There is an emanation from the heart

which cannot be described,

but is immediately felt and puts

the stranger at his ease.

~Washington Irving

Gratitude unlocks the fullness of life.
It turns what we have into enough...

.........and more.

It turns denial into acceptance,
chaos to order, confusion to clarity.

It can turn a meal into a feast,

a house into a home,

a stranger into a friend.

~Melody Beattie

Don't be satisfied with stories,

how things have gone with others.

Unfold your own myth.

May my life be like a great

hospitable tree, and may

weary wanderers find in

me a rest.

~John Henry Jowett

Tuesday, 1 March 2011


Today is St. David's Day, which commemorates the patron saint of Wales, in Welsh, Dewi Sant.  It's customary on March 1st to wear a small daffodil or leek, which represent Wales, but the daffodil is a little bit more celebratory than a leek.

A few years ago I was lucky enough to be in Wales on St. David's Day and was in awe of not only the beauty of the daffodils in bloom, but also by the sheer number of them.  They were everywhere.  I began the trip by taking pictures of them, but early on I realized I couldn't keep up and I'd end up with 2000 pictures of daffodils.  They were blooming on roadsides, on the banks alongside the sea and in parking lots.  They dotted village greens, were outside pubs and of course in peoples gardens.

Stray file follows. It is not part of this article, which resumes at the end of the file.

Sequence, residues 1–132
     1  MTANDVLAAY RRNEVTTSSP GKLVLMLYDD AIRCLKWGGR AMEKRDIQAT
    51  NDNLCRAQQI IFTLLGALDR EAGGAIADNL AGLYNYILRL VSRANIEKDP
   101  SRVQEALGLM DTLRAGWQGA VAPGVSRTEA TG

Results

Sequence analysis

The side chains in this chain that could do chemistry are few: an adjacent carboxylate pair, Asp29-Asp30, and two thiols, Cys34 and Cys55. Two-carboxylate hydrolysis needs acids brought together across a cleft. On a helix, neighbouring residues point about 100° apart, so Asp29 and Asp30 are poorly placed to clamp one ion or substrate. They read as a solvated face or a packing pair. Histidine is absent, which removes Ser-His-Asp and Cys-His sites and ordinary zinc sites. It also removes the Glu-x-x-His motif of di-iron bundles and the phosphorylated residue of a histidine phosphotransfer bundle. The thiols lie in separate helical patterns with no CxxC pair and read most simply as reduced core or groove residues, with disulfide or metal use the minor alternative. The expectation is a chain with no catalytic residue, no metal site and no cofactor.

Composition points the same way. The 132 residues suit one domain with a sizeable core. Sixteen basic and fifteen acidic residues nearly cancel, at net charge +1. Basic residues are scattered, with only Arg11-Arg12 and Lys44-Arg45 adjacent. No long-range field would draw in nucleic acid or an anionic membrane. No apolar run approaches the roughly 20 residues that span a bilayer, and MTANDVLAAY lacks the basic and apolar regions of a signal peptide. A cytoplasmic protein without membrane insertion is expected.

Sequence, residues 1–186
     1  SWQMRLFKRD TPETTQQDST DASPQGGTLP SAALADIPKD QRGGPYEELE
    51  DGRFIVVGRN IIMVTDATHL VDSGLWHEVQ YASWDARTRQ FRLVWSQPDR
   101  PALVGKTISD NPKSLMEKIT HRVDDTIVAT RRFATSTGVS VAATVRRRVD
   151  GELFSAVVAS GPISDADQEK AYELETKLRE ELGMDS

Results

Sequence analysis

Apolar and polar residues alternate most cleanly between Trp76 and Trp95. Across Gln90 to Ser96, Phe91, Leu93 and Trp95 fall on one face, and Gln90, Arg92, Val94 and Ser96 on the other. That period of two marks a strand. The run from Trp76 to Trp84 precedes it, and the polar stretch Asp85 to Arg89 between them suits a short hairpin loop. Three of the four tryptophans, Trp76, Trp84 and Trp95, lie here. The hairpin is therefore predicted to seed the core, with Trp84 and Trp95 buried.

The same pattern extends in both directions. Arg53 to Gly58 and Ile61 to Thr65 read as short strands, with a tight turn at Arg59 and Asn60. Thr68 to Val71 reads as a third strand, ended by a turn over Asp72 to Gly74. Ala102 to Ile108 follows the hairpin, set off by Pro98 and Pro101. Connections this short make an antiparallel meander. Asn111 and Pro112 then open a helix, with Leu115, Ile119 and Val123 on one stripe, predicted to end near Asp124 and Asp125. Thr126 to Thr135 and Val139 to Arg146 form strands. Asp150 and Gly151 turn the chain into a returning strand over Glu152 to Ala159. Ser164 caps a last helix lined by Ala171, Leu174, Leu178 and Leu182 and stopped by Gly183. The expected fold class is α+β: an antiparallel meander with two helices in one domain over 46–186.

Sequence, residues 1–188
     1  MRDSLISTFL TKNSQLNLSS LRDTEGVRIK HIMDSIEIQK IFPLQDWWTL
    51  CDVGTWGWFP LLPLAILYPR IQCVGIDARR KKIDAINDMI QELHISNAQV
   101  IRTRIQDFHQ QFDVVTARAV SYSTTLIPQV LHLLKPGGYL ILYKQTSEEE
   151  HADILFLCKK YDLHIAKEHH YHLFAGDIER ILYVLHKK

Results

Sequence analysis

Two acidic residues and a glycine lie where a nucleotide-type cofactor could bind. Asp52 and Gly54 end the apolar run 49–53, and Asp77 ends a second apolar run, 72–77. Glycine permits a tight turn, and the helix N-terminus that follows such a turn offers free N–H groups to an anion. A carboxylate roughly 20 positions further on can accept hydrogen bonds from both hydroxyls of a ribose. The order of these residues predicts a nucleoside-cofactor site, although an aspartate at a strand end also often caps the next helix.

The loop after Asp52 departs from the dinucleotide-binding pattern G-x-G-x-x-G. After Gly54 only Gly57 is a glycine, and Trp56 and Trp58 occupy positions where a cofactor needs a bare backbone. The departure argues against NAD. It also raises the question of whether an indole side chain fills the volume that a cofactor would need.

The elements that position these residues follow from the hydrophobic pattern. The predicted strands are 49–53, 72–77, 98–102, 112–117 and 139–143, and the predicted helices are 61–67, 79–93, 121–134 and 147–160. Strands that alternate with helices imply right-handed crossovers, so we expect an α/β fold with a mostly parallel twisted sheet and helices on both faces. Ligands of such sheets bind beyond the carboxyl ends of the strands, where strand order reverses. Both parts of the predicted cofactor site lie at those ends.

Daffodils are prolific in England too, although not on the Welsh scale.  They grow wild as well as in gardens.  I've always wondered who planted the wild ones along the roadsides, mile after mile.  I picture little Miss Marples in their woolen skirts and sensible shoes diligently planting bulb after bulb--a little grey-haired road crew.  In any case I'm awfully glad they are everywhere and in Britain at least, they are the best harbinger of spring there is.

1 comment:

  1. I hated that this post had no comment... so I fixed it:) What a beautiful picture and I learned something too. Thank you